Category: Exposure

Occupational Exposure Banding and Workplace Chemicals

For workers in a variety of industries, exposure to chemicals is commonplace. American workers handle, transport, or encounter thousands of chemicals every day, from cleaning products to industrial solvents. Although many of these chemicals have important uses, they can also be harmful to workers who are exposed to them. Occupational exposure limits (OELs) are developed Read More >

Posted on by Melissa Seaton, MS, and Thomas J. Lentz, PhD1 Comment

Help Us Redesign the NIOSH Pocket Guide

The NIOSH Pocket Guide to Chemical Hazards (NPG) celebrates its 40th anniversary in 2018. The guide continues to be the National Institute for Occupational Safety and Health’s (NIOSH) most popular document. It provides descriptive information such as recommendations for exposure limits, protective clothing, and first aid measures for 677 chemicals commonly found in the work Read More >

Posted on by Naomi Hudson, Dr.P.H, and Donna Van Bogaert, Ph.D. 74 Comments

The Art and Science of OELs for Nanomaterials

This guest blog post from our Finnish colleagues summarizes the challenges of identifying OELs for new nanomaterials as part of the development of a WHO guideline for working safely with nanomaterials.   Engineered nanomaterials are fascinating. Just by making stuff smaller researchers have discovered forms of materials and even completely new materials that can be Read More >

Posted on by Jos Verbeek and Raluca Mihalache 9 Comments

Never fear! NEAT 2.0 is here! – How to perform nanomaterial exposure assessment in the workplace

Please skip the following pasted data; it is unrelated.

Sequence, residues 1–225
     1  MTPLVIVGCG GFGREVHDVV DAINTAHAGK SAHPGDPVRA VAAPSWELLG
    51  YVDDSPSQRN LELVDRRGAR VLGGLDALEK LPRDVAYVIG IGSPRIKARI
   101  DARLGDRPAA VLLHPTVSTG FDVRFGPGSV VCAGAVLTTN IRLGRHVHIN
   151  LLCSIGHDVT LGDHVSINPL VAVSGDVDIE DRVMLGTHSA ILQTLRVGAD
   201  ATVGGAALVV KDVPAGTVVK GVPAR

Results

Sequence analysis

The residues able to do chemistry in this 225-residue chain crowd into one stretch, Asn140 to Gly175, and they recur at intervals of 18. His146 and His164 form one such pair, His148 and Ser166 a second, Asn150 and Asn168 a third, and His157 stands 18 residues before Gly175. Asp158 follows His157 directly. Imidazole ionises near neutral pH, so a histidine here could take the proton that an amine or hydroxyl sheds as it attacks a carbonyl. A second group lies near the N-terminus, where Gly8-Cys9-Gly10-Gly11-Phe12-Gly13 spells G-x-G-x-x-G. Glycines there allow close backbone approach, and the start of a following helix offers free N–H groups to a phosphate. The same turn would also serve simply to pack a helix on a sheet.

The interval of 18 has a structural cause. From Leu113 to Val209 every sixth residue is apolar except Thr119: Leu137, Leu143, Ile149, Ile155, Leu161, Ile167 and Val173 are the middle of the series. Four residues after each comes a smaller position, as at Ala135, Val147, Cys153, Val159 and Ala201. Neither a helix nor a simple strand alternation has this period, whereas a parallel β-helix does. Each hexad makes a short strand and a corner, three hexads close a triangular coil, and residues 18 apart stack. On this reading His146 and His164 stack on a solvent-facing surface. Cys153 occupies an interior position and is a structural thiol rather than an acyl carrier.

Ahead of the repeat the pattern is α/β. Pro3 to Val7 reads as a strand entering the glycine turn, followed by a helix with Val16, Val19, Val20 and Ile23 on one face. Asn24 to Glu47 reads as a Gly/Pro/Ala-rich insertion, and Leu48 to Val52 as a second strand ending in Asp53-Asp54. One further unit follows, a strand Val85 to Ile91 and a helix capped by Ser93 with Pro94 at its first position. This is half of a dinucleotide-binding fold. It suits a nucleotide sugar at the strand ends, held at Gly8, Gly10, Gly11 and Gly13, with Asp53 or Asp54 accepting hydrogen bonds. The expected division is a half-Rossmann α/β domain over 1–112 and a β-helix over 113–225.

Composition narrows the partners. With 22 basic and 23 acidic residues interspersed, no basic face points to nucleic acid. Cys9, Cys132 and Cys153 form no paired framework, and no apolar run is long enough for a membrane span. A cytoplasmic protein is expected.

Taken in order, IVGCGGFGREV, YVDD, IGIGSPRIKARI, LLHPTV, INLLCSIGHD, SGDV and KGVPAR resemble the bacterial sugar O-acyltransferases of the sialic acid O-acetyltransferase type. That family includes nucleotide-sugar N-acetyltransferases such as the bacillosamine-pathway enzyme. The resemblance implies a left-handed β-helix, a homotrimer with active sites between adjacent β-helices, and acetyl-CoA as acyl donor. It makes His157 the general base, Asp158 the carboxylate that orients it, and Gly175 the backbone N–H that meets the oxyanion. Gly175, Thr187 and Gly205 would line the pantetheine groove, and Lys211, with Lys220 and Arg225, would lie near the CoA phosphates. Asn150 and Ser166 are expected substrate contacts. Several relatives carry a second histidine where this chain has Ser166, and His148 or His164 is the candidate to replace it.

Do you think you might have exposure to nanomaterials in your workplace? Never fear! NEAT 2.0 is here! Engineered nanoparticles are unique. They are generally smaller than both red blood cells and viruses, don’t weigh much, and have a great amount of surface area proportionate to their size. These particles are increasingly used in a Read More >

Posted on by Lt. Adrienne Eastlake, MS, RS/REHSLeave a comment

NMAM 5th Edition

Workers in various industries and occupations can face health risks from exposure to airborne chemical and biological agents. These exposures are typically measured by monitoring workplace air.  Air monitoring can also be helpful to determine the effectiveness of controls that are used to minimize worker exposures.  While inhalation is the most likely route of exposure Read More >

Posted on by Kevin Ashley, Ph.D.3 Comments

Can Workplace Exposures Increase Risks of Birth Defects? – Epidemiology in Action

Epidemiology is the art and science of using data to answer questions about the health of groups. In occupational epidemiology, we use that data to understand how work affects health. This blog entry is part of a series that shares the stories behind the data. Pregnant and breastfeeding women get a lot of advice from Read More >

Posted on by Carissa M. Rocheleau, PhD8 Comments

A Health and Safety Evaluation at an Airline Catering Facility